Bankruptcy Court for the Western District of Wisconsin

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United States Bankruptcy Court
Western District of Wisconsin


Cite as:  78 B.R. 553

In re Vernon Kowalewski, Marjorie Kowalewski, Debtors
Bankruptcy Case No. 86-00572-7

United States Bankruptcy Court
W.D. Wisconsin, Eau Claire Division

October 23, 1986

Terrence J. Byrne, Wausau, Wis., for debtors.
William C. Gamoke, Nikolay, Jensen, Scott & Gamoke, Abbotsford, Wis., for The Abbotsford State Bank.

Thomas S. Utschig, United States Bankruptcy Judge.

MEMORANDUM OPINION, FINDINGS OF FACT,
AND CONCLUSIONS OF LAW

The Abbotsford State Bank (ASB), by William C. Gamoke, has filed an objection to the debtors' claim of exemptions pursuant to Bankruptcy Rule 4003(b). The debtors appear by Terrence J. Byrne and contest the objection. A hearing was held in this matter on August 20, 1986. The issues have been submitted to the court for determination through briefs.

The court is once again requested to interpret the meaning of Wisconsin Statute 815.18(6).

     815.18 Property exempt from execution. No property hereinafter mentioned shall be liable to seizure or sale on execution or on any provisional or final process issued from any court or any proceedings in aid thereof, except as otherwise specially provided in the statutes:

. . .

     (6) LIVESTOCK, FARM IMPLEMENTS AND AUTOMOBILE. Eight cows, 10 swine, 50 chickens, 2 horses or 2 mules, one automobile of the debtor not exceeding $1,000 in value, 10 sheep, and the wool from the same, either in the raw material or manufactured into yarn or cloth; the necessary food for all the stock mentioned in this section for one year's support, either provided or growing, or both, as the debtor may choose; also one wagon, cart or dray, one sleigh, one plow, one drag, one binder, one tractor not to exceed in value the sum of $1,500, one corn binder, one mower, one springtooth harrow, one disc harrow, one seeder, one hay loader, one corn planter, one set of heavy harness and other farming utensils, also small tools and implements, not exceeding $300 in value.

ASB argues that the clause "not exceeding $300 in value," applies to all of the items of the statute up to the previous semicolon, i.e., "; also one wagon, cart or dray...." ASB cites case law authority supposedly in support of such an interpretation. Bevitt v. Crandall, 19 Wis. 581 (1865). Initially, the court disagrees with ASB's interpretation of the holding in the Bevitt case. Regardless, the exemption statute has been renumbered, amended, and substantially changed since the Bevitt decision. The substantial modifications render the Bevitt decision not applicable to the interpretation of the statute involved in the case sub judice.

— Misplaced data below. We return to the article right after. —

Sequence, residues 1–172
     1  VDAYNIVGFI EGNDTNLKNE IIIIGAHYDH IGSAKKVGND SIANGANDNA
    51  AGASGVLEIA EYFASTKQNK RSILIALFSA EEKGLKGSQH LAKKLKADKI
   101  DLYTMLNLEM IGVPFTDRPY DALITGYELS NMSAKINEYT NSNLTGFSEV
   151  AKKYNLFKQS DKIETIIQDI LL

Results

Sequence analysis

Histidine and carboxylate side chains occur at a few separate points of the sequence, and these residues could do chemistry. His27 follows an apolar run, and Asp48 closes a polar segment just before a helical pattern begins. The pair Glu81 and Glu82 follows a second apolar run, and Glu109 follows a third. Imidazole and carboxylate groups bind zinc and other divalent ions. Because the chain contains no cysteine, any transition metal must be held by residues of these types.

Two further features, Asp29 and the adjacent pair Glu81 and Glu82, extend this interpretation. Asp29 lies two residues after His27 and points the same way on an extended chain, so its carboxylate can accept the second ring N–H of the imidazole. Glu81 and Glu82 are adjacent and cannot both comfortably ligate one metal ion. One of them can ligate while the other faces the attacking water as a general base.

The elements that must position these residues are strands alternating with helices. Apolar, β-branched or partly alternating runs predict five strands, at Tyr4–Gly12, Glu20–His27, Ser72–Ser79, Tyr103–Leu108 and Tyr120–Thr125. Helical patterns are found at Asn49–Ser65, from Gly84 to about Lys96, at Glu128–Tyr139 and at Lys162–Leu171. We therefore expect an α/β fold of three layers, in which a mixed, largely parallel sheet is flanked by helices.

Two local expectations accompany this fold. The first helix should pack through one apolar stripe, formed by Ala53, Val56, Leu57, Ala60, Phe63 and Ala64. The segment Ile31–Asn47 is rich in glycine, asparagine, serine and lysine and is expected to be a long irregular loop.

ASB further argues that the plain language of the statute mandates the interpretation that ASB suggests. ASB implies that any other interpretation would render the comma prior to the clause, "not exceeding $300 in value," unnecessary. The court disagrees. If a comma were not included in the phrase, "also small tools and implements, not exceeding $300 in value," a debtor could exempt each and every small tool with a value not exceeding $300. The use of the comma in this phrase places an aggregate value limitation of $300 on the "small tools and implements" exemption. See In re Werner, 79 B.R. 819 (Bankr. W.D. Wis. 1986). The $300 limitation applies only to the "small tools and implements." There are no other value limitations placed on the items in 815.18(6), except with respect to a tractor and an automobile as specifically prescribed. Matter of Flake, 33 B.R. 275 (Bankr. W.D. Wis. 1983).

ASB next asserts that since the debtors are married they are entitled to claim only one set of exemptions. The court disagrees. There is no reason to assume that the fact the debtors are married should deprive them of the exemptions to which they are otherwise entitled. The court notes that ASB has the burden of proving in this matter that the exemptions are not properly claimed. Bankruptcy Rule 4003(c). Even though the debtors are married, "each debtor is entitled to claim his or her own exemptions." In re Werner, 79 B.R. 819 (Bankr. W.D. Wis. 1986). The Wisconsin exemption statute clearly provides that "each spouse is entitled to and may claim the exemptions under this section." Wis. Stat. 815.18(30)(b).

It is the conclusion of the court that ASB has not sustained its burden of proving that the debtors' exemptions are not properly claimed. Bankruptcy Rule 4003(c). The $300 value limitation of 815.18(6) applies only to "small tools and implements" as provided in that section. Further, both of the debtors are entitled to claim the exemptions provided them under state law.

This opinion shall constitute findings of fact and conclusions of law in accordance with Bankruptcy Rule 7052.